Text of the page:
Association for Behavior Analysis International

The Association for Behavior Analysis International® (ABAI) is a nonprofit membership organization with the mission to contribute to the well-being of society by developing, enhancing, and supporting the growth and vitality of the science of behavior analysis through research, education, and practice.


40th Annual Convention; Chicago, IL; 2014

Event Details

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Symposium #91
Procedural Analysis in the Training of Verbal Behavior
Saturday, May 24, 2014
4:00 PM–4:50 PM
W185d (McCormick Place Convention Center)
Area: VRB; Domain: Applied Research
Chair: Victoria Smith (Childhood Autism Services, Papillion NE)

Continued refinements in training method is a hallmark of Applied Behavior Analysis. The papers in this symposium represent further efforts to evaluate effective teaching procedures with children diagnosed on the autism spectrum and typically developing children. Manding, tacting, and intraverbaling will be discussed with a focus on how to affect performance in efficient ways.

Keyword(s): intraverbal, mand, matrix training, verbal behavior

A Comparison of a Matrix Programming and Standard Discrete Trial Training Format to Teach Two-Component Tacts

EMILY BRAFF (Engage Behavioral Health), Timothy M. Weil (University of South Florida)

Teaching using matrix programming has been shown to result in recombinative generalization. However, this procedure has not been compared to more standard discrete trial training formats such as DTT. This study compared acquisition and recombinative generalization of two-component tacts using each procedure. Matrix training was found to be more efficient than the DTT format. Half the amount of teaching was required to teach roughly the same number of targets using matrix training as compared to DTT.

Verbal Operant Transfer with Mands and Tacts Using Multiple Exemplars
JESSICA SHEA (University of South Florida), Raymond G. Miltenberger (University of South Florida)
Abstract: Research on the functional independence of tacts and mands is mixed. There is a substantial amount of research showing differentiating results, with findings supporting both functional independence of verbal operants as well as the opposite. With these mixed results, the conditions under which tact training transfers to mands are unclear however. The current study evaluated whether multiple exemplars of tact training followed by mand training would result in the independent transfer from tacts to mands. This was done thru teaching children with language delays to tact highly preferred edible items, followed by mand training. It was thought that if the participants were able to mand with no direct training for edible items it would occur after two sequences of tact training to mand training. The study however was able to show that all three participants started manding for the item independently during tact training after one sequence of tact training followed by mand training.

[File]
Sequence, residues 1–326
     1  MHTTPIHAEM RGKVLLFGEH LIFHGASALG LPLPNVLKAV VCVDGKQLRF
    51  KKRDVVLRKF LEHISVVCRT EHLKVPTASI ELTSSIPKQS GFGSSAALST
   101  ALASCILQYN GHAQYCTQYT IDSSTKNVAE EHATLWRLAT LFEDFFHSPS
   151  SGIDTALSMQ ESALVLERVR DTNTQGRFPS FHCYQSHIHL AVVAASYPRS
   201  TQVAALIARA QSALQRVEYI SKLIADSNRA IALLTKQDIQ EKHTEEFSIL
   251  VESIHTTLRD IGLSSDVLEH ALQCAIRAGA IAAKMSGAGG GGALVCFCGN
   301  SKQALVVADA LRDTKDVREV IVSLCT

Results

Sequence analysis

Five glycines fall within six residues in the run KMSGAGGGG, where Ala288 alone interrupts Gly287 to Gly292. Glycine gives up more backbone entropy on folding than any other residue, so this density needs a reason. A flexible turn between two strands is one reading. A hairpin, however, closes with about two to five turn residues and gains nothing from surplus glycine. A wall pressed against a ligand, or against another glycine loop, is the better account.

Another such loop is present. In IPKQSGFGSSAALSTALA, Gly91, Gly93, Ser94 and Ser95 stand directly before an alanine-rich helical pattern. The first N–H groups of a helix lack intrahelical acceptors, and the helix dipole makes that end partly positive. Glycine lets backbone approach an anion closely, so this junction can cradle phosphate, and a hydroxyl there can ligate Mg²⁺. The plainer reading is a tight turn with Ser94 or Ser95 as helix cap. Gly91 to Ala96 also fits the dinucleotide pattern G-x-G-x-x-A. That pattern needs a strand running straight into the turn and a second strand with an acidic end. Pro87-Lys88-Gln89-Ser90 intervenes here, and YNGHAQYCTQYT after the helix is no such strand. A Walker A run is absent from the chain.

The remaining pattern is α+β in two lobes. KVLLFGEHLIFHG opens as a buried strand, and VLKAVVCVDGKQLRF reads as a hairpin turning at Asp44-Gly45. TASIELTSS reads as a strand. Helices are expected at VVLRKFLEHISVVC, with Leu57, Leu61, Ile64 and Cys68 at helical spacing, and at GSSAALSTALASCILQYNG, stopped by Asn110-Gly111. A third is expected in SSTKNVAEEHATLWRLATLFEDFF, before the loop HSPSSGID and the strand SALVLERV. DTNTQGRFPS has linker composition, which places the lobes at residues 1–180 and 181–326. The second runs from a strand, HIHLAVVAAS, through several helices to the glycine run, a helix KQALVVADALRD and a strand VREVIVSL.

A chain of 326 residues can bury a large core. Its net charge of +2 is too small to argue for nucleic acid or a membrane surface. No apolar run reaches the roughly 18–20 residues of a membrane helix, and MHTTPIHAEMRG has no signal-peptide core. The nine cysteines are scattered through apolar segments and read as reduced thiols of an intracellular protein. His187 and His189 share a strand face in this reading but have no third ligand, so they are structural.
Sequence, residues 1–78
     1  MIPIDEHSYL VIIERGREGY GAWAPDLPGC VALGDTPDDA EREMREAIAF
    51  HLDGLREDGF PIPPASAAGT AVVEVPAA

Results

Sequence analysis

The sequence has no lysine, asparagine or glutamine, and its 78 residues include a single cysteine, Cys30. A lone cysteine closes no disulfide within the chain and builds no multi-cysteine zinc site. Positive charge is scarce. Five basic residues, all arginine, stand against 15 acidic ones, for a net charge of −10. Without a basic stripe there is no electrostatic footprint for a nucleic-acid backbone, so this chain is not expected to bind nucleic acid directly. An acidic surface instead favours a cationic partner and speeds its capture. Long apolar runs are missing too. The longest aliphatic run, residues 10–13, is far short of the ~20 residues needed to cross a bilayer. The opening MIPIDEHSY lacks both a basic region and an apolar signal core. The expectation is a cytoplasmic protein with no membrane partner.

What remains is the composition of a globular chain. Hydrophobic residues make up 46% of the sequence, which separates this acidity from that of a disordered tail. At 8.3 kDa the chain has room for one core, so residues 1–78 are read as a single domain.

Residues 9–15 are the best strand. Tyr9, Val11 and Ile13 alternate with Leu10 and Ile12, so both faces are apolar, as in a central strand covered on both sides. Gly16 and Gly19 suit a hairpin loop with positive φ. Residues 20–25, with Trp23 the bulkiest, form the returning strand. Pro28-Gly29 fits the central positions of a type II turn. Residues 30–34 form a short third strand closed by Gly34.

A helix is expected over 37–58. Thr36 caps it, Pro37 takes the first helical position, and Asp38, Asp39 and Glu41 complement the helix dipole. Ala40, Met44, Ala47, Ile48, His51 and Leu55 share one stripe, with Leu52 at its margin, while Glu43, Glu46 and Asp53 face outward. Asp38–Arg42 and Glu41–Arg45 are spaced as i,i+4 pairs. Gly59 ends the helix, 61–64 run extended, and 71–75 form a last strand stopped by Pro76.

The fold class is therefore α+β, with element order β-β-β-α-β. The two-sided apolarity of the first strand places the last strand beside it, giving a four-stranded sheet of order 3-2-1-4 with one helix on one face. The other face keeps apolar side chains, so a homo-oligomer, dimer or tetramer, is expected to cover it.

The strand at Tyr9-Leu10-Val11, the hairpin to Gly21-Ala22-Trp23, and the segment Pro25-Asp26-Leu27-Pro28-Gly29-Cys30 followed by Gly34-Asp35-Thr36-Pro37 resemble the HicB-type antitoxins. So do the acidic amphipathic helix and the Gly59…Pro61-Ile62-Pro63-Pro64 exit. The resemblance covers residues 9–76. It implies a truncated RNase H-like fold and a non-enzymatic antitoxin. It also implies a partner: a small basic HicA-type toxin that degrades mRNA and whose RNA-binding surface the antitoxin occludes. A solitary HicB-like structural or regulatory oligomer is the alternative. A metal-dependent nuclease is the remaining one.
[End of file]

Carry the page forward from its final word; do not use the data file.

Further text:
Comparison of Acquisition Rates and Child Preference for Varying Amounts of Teacher Directedness when Teaching Intraverbals
VICTORIA SMITH (Childhood Autism Services, Papilion NE), Kimberly Crosland (University of South Florida)
Abstract: The purpose of this study was to extend research of Heal and Hanley (2011) where it was hypothesized that different instructional strategies would yield varying rates of skill acquisition and child-preference. Additional focus on placed on the possible punishing effects of an embedded teaching strategy on engagement in learning opportunities. This study extended previous research methodology utilized with the tact to include the intraverbal. Independent variables included three teaching strategies: discovery teaching, embedded prompting, and direct teaching in a multi-element design by rapidly alternating teaching strategies. Acquisition rate, number of learning opportunities, and play within the teaching strategies were evaluated. Child preference was also assessed through card selection of associated teaching strategies in a concurrent chains agreement design. Upon study conclusion, preference varied across participants, with all participants demonstrating the highest percentage correct responding under direct teaching contingencies. However, embedded prompting was not found to exhibit a punishing affect.



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